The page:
Monument of Lysicrates
The Choragic Monument of Lysicrates was erected by the choregos Lysicrates, a wealthy patron of musical performances at the Theater of Dionysus.
According to an inscription, Lysicrates built the monument to commemorate a prize-giving ceremony in 335-334 BC.
Circular in design and anchored on a square limestone podium, the centrepiece is surrounded by six elaborate Corinthian-style columns made of white Pentelic marble. Its frieze sculptures depict episodes from the myth of Dionysus and it is crowned by a monolithic roof that supports the choragic tripod. This ancient monument, also called the “Lantern of Diogenes”, was arbitrarily enclosed by the nearby French Catholic Capuchin monastery during the 17th century.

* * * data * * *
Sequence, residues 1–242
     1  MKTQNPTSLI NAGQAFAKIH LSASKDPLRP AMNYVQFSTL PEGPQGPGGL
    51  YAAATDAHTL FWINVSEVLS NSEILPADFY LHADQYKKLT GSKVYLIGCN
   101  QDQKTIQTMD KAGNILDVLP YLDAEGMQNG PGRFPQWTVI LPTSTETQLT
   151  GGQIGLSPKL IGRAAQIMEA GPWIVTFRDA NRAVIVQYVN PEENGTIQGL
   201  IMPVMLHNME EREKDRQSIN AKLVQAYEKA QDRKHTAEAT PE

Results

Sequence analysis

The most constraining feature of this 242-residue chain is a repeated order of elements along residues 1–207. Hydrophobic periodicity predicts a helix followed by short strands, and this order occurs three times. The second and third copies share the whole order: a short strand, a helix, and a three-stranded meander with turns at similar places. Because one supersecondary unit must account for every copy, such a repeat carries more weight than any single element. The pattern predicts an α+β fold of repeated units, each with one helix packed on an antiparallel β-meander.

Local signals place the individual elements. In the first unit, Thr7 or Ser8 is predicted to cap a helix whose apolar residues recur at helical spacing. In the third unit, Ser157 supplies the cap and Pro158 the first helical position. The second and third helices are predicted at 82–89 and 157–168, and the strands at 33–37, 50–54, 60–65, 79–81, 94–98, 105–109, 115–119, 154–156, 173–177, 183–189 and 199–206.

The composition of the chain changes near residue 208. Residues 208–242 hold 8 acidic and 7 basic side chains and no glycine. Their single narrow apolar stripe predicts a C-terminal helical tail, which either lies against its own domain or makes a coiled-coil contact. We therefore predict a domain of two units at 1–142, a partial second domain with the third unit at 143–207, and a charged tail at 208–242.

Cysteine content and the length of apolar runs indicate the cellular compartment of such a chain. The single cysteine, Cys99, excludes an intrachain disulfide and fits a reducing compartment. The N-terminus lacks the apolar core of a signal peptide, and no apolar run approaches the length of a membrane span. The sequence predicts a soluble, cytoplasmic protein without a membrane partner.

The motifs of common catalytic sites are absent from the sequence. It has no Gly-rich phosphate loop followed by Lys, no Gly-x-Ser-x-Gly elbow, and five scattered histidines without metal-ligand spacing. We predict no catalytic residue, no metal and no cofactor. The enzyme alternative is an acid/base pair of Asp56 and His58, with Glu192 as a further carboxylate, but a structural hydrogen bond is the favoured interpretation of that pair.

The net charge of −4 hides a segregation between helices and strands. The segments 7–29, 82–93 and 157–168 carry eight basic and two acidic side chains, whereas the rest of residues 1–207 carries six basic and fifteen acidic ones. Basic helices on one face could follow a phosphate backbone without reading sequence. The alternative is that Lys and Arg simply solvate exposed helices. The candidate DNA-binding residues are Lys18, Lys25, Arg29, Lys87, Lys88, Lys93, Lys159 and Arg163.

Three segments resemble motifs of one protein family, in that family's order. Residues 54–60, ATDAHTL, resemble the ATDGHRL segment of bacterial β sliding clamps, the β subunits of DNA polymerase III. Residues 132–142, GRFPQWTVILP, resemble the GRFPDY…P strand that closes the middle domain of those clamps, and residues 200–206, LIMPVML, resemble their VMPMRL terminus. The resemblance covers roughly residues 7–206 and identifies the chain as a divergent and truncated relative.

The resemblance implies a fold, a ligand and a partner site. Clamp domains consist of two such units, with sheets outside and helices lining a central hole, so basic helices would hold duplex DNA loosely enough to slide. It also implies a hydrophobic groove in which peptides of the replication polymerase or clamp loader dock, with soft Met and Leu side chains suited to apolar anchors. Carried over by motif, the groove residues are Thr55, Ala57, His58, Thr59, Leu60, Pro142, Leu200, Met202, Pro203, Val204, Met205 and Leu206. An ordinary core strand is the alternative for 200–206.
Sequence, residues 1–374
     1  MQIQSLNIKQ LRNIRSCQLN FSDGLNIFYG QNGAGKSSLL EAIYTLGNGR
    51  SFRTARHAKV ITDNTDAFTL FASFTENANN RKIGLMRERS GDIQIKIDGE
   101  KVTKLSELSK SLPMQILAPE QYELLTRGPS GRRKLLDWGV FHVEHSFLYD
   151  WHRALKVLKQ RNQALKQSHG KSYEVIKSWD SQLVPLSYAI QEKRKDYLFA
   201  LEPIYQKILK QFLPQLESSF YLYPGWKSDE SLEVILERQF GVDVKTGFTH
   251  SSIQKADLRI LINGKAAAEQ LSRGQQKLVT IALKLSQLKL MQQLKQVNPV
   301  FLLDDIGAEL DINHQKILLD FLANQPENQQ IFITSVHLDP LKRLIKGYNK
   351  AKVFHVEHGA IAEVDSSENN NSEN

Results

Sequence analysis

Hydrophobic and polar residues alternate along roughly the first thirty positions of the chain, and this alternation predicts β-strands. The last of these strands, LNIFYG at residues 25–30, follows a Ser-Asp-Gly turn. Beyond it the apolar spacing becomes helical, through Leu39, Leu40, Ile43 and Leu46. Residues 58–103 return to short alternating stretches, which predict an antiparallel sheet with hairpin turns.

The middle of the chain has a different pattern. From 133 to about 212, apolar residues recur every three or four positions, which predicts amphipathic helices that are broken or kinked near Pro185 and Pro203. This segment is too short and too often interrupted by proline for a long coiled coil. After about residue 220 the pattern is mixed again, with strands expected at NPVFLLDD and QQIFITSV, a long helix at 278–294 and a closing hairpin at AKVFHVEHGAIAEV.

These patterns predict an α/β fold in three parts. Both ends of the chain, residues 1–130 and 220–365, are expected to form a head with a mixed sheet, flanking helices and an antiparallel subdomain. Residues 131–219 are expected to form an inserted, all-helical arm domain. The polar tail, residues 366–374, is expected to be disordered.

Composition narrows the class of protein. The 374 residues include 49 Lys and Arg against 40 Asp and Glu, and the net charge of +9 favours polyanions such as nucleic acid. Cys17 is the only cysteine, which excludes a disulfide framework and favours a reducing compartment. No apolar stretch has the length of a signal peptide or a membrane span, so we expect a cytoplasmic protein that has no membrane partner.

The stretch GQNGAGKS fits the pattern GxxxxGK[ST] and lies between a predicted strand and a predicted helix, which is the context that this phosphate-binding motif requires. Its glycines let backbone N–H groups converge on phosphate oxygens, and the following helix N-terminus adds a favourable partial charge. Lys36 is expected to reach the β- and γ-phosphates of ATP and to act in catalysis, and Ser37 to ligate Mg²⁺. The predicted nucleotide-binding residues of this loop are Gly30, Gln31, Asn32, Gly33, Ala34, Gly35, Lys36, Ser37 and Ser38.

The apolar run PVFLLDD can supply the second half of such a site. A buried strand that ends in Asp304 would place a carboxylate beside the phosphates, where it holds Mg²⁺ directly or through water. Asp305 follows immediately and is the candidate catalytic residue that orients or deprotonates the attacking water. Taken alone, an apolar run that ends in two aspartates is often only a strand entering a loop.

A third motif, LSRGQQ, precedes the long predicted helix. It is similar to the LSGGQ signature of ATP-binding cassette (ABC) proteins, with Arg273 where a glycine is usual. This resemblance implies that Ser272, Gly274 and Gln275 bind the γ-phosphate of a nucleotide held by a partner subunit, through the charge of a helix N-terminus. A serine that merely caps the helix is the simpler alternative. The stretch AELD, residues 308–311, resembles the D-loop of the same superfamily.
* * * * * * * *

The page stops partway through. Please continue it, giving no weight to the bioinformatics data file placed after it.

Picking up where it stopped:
In 1821, the convent was destroyed during the battles for independence. However, the monument survived, and is considered to be the best-preserved sample of an ancient choragic monument in existence. It now occupies the centre of Lysicratous Square, drawing admiration from passers-by.